Azerbaijan fears anthrax outbreak in Georgia

Azerbaijan's ministry of agriculture recently warned customs authorities and retail facilities to remain on alert for signs of an anthrax outbreak spreading out of neighboring Georgia.

The Azerbaijan State Veterinary Service, which is part of the ministry, said the warning particularly applies to meat and other food products imported from Georgia, according to

Baku said it recently sent a request to the Veterinary Service of Georgia for a report on the outbreak, but has yet to receive any information.

The veterinary service said that all imported meat should be vaccinated and placed in a 21 day pre-export quarantine in order to conduct laboratory safety testing.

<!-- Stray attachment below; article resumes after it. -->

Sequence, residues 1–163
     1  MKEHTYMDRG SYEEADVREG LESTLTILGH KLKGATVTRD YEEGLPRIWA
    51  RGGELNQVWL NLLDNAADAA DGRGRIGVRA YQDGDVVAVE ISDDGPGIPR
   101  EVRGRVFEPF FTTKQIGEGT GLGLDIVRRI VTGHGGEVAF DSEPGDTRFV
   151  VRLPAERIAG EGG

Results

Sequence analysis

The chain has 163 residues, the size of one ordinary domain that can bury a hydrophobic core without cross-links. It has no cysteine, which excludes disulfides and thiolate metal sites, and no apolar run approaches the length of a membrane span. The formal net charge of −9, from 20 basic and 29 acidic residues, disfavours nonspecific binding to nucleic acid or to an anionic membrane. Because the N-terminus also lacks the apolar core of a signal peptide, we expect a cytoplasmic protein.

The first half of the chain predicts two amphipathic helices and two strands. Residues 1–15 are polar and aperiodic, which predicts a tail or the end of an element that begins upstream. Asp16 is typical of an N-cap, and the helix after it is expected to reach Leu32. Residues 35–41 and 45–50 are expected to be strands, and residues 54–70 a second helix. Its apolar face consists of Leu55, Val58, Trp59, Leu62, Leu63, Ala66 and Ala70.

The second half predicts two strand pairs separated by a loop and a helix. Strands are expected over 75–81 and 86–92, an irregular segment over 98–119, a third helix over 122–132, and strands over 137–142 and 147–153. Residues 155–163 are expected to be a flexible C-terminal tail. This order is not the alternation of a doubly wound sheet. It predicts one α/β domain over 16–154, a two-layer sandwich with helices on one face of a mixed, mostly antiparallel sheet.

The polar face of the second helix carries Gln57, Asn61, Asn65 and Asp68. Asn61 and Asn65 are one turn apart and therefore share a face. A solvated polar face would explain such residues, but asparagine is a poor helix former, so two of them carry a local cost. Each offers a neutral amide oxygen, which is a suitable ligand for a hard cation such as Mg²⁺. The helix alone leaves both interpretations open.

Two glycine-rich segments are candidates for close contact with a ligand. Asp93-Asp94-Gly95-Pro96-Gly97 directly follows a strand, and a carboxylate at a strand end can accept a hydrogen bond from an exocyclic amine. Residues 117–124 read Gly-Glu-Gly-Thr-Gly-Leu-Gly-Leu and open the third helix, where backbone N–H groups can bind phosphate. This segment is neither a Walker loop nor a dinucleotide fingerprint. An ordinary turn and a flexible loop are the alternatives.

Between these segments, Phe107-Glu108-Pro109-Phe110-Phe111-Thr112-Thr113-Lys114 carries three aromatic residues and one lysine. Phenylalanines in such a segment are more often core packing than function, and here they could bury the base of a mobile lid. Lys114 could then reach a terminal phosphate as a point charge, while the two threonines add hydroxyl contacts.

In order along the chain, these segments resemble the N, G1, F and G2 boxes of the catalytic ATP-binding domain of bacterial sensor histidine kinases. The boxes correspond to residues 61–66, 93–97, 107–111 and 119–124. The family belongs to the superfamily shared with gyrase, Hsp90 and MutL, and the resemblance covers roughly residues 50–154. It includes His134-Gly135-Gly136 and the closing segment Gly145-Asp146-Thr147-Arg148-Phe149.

The Georgian media reported that the anthrax outbreak has spread to regions of the country heavily populated by Azerbaijanis. At least 30 people have been infected, including 20 Azerbaijanis, since the outbreak began. No cases of anthrax have been reported inside Azerbaijan, according to

Anthrax is a disease caused by the spore-forming bacterium Bacillus anthracis. Outbreaks of the disease occur in nature, usually when people handle products from infected animals.

The U.S. Centers for Disease Control and Prevention considers anthrax to be a Category A biological agent, one that poses a significant potential risk for use by terrorists against public health. In 2001, anthrax was deliberately sent through the U.S. postal system, infecting 22 people and killing five, according to the CDC.